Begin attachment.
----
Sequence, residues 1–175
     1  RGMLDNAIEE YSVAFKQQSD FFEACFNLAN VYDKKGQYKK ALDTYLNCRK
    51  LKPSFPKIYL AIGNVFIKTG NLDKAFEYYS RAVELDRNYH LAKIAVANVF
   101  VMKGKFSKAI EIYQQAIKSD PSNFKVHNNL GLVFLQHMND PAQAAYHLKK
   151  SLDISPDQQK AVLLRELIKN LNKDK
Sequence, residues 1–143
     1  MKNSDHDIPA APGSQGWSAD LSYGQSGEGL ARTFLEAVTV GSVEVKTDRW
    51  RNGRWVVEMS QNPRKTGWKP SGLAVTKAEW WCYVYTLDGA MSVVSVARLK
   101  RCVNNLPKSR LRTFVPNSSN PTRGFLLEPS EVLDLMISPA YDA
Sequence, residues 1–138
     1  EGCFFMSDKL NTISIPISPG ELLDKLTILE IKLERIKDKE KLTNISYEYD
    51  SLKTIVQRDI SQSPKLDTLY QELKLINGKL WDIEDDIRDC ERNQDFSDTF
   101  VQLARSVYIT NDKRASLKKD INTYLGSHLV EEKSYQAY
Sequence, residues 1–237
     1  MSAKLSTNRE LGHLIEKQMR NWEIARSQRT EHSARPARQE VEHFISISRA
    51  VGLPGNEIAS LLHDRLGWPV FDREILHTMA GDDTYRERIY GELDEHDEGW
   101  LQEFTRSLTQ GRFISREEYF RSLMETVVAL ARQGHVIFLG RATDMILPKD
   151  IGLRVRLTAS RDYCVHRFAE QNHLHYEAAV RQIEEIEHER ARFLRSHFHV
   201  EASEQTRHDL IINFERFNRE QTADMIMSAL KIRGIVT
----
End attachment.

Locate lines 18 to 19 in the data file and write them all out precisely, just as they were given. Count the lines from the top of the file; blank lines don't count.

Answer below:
   151  IGLRVRLTAS RDYCVHRFAE QNHLHYEAAV RQIEEIEHER ARFLRSHFHV
   201  EASEQTRHDL IINFERFNRE QTADMIMSAL KIRGIVT